Maternal hypotension of 15% was noted in both groups, which was statistically significant. Onset of sensory analgesia in seconds showed a standard deviation of 38.12 with a mean difference of 47 seconds between the two groups was found to be statistically highly significant with a p value of <0.001. Maximal dermatomal level of sensory block achieved also showed statistically significant p value of <0.001. Two segment regression of spinal component of CSE showed a mean difference of 13.1 mins. with a mean time of 89.7 mins. for regression.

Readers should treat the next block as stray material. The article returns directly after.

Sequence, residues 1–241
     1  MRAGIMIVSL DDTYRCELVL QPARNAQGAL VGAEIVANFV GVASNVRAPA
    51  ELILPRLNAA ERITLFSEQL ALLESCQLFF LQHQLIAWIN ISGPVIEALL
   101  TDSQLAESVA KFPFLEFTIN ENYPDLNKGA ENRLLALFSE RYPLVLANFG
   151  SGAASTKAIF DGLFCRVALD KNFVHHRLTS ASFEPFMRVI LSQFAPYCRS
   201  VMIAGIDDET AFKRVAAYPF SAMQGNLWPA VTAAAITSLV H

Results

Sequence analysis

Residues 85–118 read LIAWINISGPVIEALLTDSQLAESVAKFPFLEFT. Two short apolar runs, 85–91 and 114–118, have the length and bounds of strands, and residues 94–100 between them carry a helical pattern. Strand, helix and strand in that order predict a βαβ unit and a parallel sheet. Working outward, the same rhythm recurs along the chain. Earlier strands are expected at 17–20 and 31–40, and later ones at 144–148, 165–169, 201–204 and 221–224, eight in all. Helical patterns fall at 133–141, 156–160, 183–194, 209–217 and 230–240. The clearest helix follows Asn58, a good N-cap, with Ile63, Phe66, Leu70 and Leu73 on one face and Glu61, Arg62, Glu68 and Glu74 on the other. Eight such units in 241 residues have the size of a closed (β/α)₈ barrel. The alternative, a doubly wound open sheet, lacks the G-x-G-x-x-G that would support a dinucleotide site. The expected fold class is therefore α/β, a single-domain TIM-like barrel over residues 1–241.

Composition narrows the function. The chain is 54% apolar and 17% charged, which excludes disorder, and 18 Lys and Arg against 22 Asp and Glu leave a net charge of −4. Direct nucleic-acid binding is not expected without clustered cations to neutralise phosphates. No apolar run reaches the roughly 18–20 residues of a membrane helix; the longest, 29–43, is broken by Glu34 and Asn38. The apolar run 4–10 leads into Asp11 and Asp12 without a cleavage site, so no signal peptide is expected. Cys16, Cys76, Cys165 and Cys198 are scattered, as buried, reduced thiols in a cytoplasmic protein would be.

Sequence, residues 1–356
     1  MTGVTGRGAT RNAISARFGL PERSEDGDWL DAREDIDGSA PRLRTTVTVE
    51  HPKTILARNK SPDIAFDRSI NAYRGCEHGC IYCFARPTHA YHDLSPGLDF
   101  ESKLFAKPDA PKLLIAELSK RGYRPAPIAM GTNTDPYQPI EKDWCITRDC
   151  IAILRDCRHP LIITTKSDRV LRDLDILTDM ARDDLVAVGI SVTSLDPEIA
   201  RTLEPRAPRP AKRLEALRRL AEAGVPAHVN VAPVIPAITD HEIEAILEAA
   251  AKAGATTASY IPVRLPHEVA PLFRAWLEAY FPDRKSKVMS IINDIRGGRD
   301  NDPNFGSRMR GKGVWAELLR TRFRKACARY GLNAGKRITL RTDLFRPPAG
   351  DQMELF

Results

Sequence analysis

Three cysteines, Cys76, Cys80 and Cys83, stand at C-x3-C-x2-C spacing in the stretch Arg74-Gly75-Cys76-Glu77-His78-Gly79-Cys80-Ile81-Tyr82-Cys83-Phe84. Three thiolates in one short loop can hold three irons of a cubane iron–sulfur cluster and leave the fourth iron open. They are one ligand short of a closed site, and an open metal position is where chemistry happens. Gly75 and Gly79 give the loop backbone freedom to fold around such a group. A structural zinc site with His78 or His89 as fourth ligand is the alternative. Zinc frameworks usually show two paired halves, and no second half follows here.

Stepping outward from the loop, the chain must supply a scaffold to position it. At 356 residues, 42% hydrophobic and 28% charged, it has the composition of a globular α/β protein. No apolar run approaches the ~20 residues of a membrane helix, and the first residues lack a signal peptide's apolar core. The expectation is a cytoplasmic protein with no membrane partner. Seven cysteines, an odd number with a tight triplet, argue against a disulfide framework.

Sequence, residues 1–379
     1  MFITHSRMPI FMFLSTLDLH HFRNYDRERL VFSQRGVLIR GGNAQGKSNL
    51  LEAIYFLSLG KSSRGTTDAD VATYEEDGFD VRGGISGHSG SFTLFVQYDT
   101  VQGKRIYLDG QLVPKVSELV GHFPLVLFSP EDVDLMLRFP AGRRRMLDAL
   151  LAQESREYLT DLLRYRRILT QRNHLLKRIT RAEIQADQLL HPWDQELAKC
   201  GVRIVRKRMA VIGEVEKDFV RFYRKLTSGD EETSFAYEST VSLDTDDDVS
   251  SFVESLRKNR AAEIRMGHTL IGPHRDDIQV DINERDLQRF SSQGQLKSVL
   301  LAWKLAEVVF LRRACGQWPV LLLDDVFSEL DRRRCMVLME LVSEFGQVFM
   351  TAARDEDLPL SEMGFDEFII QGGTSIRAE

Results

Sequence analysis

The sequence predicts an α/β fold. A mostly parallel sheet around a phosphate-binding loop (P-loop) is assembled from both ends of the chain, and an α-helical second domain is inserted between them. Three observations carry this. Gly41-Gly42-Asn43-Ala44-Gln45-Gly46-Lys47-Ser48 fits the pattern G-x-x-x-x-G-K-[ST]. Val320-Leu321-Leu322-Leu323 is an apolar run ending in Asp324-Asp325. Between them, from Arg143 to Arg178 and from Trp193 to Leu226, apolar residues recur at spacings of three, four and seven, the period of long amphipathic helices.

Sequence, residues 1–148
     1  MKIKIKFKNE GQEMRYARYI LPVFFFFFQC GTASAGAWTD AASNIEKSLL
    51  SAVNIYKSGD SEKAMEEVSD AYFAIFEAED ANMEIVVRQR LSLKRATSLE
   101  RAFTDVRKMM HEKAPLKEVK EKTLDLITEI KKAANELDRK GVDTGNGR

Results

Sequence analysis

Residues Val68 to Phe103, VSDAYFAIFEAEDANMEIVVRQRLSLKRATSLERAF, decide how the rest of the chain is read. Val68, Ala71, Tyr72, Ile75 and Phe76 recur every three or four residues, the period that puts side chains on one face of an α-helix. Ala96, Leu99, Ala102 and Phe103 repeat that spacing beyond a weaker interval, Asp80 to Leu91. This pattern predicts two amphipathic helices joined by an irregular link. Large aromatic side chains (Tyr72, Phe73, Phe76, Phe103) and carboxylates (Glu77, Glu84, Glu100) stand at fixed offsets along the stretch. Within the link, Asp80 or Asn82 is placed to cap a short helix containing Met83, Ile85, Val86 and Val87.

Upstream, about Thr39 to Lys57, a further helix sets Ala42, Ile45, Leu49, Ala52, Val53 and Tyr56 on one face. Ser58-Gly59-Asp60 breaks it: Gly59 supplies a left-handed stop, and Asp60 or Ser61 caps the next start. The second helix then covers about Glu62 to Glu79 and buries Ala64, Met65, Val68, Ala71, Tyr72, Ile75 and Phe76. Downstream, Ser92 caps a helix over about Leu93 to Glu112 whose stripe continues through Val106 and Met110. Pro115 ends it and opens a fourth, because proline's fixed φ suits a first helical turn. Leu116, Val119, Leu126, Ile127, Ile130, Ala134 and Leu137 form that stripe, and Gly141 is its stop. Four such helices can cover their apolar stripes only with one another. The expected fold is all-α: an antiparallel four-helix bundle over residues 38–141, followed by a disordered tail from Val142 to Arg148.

In conclusion, we found that intrathecal ropivacaine 2.5 mg was as effective as intrathecal bupivacaine 1.25 mg when added to fentanyl 20 μg in providing labour analgesia using combined spinal epidural technique in the first stage of labour with more efficient sensory block in terms of longer duration of action and better VAS scores, minimal motor block and hypotension. Thus, ropivacaine 2.5 mg would provide a suitable alternative to bupivacaine with better analgesia and minimal adverse effects.